NEW MAGAZINE: WINNETKA Living, February, 2017: Article - BULLYING: What Parents Can Do written by Dr. Elana Ashley


 Bullying: What Parents Can Do

  By Dr. Elana Ashley

 Research shows one in three American children is directly involved in bullying—as a perpetrator, victim, or both. For parents, it is common to feel frustrated or even powerless when bullying happens. Yet it is your key role to provide guidance and response strategies to help your children cope. Here are some things you can do:

Have a Clear Definition of What Bullying Is

The concept of bullying should be clear in your own minds. While a social conflict may involve the intention of one party to hurt another, often negative consequences can occur accidentally and without a purposeful intention to harm another person. The use of inappropriate language and/or an abusive action as a one-time event is not considered bullying. Unlike a “normal, social conflict,” bullying is understood as: the repeated use of abusive language and/or abusive behavior to intentionally harm someone, with the aggressor maintaining power and control.

Know the Warning Signs

Warning signs that your child is being victimized includes, but is not limited to, the following: emotional signs (unusual sadness, crying, anger, anxiety); physical signs (bruises and scratches); headaches, stomach aches or other internal, physical complaints; difficulty sleeping or sleeping too much; excessive eating or not eating enough; faking illness in order to stay at home; not participating with peers in the classroom or in afternoon clubs or sports; decline in school achievement.

Encourage Open Communication

If you suspect your child is being bullied, implement and teach reflective conflict resolution skills. When you sit down to discuss a bullying incident, organize your thoughts to help you and your child understand what happened, why it happened, and how he or she responded to the bully. Be simple, direct and honest when you communicate your ideas. Encourage your children to do the same. You should show real concern, listen with sensitivity and compassion, and be as calm as possible.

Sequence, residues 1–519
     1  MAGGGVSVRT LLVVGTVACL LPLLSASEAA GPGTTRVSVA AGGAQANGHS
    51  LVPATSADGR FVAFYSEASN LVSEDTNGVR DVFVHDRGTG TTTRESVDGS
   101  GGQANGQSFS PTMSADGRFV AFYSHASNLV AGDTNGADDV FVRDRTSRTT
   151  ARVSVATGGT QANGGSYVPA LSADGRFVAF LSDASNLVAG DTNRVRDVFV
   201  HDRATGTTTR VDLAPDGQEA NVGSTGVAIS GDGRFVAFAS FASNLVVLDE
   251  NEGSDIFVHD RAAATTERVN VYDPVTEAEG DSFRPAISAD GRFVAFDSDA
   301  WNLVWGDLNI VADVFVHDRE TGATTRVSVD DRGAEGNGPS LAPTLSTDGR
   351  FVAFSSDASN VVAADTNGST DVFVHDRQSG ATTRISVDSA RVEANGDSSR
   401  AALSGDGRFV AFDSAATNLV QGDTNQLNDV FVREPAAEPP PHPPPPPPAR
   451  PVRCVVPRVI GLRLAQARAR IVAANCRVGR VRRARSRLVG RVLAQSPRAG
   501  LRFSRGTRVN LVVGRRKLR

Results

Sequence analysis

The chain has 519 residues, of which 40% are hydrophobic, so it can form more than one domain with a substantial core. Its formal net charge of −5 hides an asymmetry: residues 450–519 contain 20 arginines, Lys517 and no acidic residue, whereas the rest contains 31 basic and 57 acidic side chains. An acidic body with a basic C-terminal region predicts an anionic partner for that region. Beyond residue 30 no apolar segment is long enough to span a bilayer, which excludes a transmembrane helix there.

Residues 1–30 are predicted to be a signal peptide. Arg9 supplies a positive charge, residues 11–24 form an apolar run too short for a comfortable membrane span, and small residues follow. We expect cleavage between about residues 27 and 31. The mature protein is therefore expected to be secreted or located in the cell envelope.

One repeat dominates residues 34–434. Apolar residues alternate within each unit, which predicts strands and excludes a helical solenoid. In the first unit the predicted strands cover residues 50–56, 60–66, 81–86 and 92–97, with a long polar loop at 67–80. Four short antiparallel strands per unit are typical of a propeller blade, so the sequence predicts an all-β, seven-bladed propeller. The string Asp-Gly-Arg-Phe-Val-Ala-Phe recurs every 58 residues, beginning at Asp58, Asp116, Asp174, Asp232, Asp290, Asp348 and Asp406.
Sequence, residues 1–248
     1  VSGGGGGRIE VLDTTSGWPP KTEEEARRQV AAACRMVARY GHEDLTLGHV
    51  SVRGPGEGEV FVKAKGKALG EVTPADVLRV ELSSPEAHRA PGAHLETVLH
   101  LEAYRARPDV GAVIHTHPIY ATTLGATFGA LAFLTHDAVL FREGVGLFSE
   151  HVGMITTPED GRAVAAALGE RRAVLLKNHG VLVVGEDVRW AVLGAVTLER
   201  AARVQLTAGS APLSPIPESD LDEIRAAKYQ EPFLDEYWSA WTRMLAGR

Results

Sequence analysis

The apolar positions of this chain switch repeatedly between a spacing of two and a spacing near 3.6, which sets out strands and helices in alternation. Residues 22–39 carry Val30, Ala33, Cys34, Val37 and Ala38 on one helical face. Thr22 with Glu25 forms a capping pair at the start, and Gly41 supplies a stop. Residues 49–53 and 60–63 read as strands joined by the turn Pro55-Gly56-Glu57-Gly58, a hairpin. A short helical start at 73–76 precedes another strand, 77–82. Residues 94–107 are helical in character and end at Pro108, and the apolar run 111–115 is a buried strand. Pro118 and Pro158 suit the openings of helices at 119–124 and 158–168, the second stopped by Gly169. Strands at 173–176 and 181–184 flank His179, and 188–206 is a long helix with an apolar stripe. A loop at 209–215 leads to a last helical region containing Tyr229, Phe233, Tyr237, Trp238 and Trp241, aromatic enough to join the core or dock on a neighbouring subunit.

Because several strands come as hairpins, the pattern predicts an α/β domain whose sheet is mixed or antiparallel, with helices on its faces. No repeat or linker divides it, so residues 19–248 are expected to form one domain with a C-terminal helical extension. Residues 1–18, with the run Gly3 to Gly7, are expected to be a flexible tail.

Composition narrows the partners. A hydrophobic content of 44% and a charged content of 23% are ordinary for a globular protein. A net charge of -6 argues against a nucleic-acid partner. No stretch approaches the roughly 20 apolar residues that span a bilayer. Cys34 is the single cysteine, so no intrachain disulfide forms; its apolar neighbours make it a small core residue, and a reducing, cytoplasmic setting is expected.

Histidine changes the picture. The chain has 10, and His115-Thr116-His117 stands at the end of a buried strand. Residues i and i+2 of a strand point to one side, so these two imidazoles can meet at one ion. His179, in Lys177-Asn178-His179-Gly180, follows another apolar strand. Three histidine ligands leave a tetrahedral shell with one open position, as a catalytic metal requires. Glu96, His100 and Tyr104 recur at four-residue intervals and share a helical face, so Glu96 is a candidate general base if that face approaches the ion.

Practice Response Strategies

Practice roleplaying to empower yourself and your children to stand up to a bully. The following is a very basic, brief introduction to responses to simple, bullying situations in elementary schools. First, your child needs to always keep in mind that NO ONE has the right to hurt him/her. Second, your child has two major options if someone targets him/her as a victim:

(1) If your child fears the bully, he/she does not have to say anything; rather, immediately walk or run away, and find someone trustworthy with whom to share what has happened.

(2) If unafraid, your child should look directly into the eyes of the bully, try not to blink, and say loud and clear what he/ she thinks and/or feels. Once your child has spoken in his/her own defense, the youngster should leave quickly. Regarding events that take place at school, the child should report the full information to a counselor, social worker, teacher or principal.

Provide Structure and Set an Example

Established rules for communication and behavior within your family should be adhered to in consistent fashion. Without parents agreeing upon rules relating to what is right and wrong regarding language and actions, children are bound to become confused, and lose all sense of what is and is not proper or acceptable. Discipline at home helps establish a pattern for interaction with others. Always use as your foundation a set of the highest human values and ethical standards, with which you can model healthy, meaningful and joyful relationships.


Dr. Elana Ashley is an educator, author, artist, storyteller and ventriloquist who teaches children and adults strategies for dealing with everyday issues. Her latest children’s book, Case Two: Big Bully Holly Howler, is an imaginative adventure full of friendship and creative anti-bullying strategies to empower children, parents, teachers and mental health professionals.

To learn more about Dr. Ashley and her work, visit her website: